Etudes sur les Cerveaux des Consommateurs de pornographie

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(traduction par INDIE – administrateur des sites pornosciencesante.blog et laveritesurleporno.unblog.fr – de l’article anglophone « Brain Studies on porn Users », publié 31/07/2014 sur le site yourbrainonporn.com)

Cette page répertorie toutes les études évaluant la structure du cerveau des consommateurs de porno sur Internet, et son fonctionnement. À ce jour, TOUTES les études approuvent  la théorie de la dépendance au porno (aucune étude n’a été à l’encontre de ce qui constitue aujourd’hui une réalité scientifique). Les résultats de ces 34 études neurologiques sont totalement cohérentes avec plus de 220 études qui ont démontré la réalité de l’addiction à Internet, dont beaucoup incluaient des consommateurs réguliers de porno sur internet. Toutes soutiennent le principe selon lequel l’utilisation d’Internet peut causer des changements cérébraux similaires à ceux connus et démontrés par la science et qui sont en lien avec le phénomène de  dépendance.

« Etudes sur le cerveau » (« Brain studies ») (IRMF, IRM, EEG, Neuro-endocrine):

Ensemble, ces études sur le cerveau ont révélé :

1. Les 3 principaux changements cérébraux liés à la dépendance: sensibilisation, désensibilisation et hypofrontalité, sont bien présent chez les consommateurs de pornographie.

2. Une augmentation de la consommation de porno est en corrélation avec la diminution de matière grise dans le circuit de récompense (striatum dorsal).

3. Une augmentation de la consommation de pornographie est en corrélation avec un affaiblissement  du Circuit de Récompense (lors de la visualisation d’images sexuelles).

4. Une augmentation de la consommation de pornographie est en corrélation avec un affaiblissement des connexions neurales entre le circuit de récompense et le cortex préfrontal.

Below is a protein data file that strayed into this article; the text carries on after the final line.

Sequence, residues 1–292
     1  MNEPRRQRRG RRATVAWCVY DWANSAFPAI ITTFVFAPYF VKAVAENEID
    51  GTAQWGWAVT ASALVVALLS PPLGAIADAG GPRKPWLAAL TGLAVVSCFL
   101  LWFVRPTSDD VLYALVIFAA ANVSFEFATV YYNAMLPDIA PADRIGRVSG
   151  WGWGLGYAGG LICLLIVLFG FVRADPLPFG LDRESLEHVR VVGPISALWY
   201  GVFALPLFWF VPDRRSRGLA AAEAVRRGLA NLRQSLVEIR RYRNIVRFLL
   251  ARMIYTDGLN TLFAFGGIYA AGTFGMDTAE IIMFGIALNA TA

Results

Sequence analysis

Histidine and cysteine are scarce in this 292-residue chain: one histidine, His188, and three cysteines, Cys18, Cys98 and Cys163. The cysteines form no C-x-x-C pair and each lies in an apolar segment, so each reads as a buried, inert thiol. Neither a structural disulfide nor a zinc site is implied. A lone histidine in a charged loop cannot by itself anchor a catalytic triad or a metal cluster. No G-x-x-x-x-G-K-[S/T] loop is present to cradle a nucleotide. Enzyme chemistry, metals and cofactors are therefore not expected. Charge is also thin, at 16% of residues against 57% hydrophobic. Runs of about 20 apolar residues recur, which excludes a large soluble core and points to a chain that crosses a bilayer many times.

5. Les dépendants ont montré une plus grande activité préfrontale en réponse à des stimuli sexuels, mais une réduction de l’activité cérébrale face à des stimuli normaux (processus typique de la toxicomanie).

6. Au cours d’un test, 60% des sujets dépendants compulsifs au porno ont connu une DE (Dysfonction Erectile) ou une faible libido avec des partenaires, mais pas avec le porno: tous ont déclaré que l’utilisation de pornographie sur Internet a causé leur DE / faible libido.

7. Un renforcement des biais congnitifs, (phénomène typique et bien connu observé chez les consommateurs de drogues). Ceci indique une sensibilisation (générée par le DeltaFosb).

8. Un besoin de porno accru, une augmentation de l’envie irrésistible de consommer (« craving »), mais une faible satisfaction. Cela s’harmonise avec le modèle accepté de toxicomanie – (incetive sensitization)

9. Les dépendants au porno montrent un intérêt renforcé pour du contenu pornographique nouveau, et leur cerveau s’habitue plus rapidement aux images sexuelles (phénomène de « tolérance » typique de la toxicomanie).

10. Plus les utilisateurs porno sont jeunes, plus la réactivité de centre de récompense est grande face aux stimuli.

11. Hausse de l’EEG(P300) lorsque les consommateurs de porno ont été exposés à des « indices »* (« cues ») (ce qui se produit dans les autres addictions).

*les indices sont tous les stimuli qui « incitent » l’individu à retourner consommer sa drogue (« naturelle » ou « non naturelle », c’est-à-dire les « renforçateur naturels »-sexe, nourriture, affection, ou les substances -alcool, cocaîne, tabac etc…). Face à un indice, une mémoire est activée dans le cerveau, qui s’ « éveille » et créer la tentation chez le dépendant.

12. La diminution voire l’absence de désir pour le sexe avec une personne réelle est en corrélation avec, paradoxalement, une plus grande réactivité aux images porno.

13. Une augmentation de la consommation de porno est en corrélation avec une réduction de l’amplitude de LPP (« Late Positive Potential ») lors de la visualisation de photos érotiques : indique une habituation* ou une désensibilisation, caractéristiques de la toxicomanie.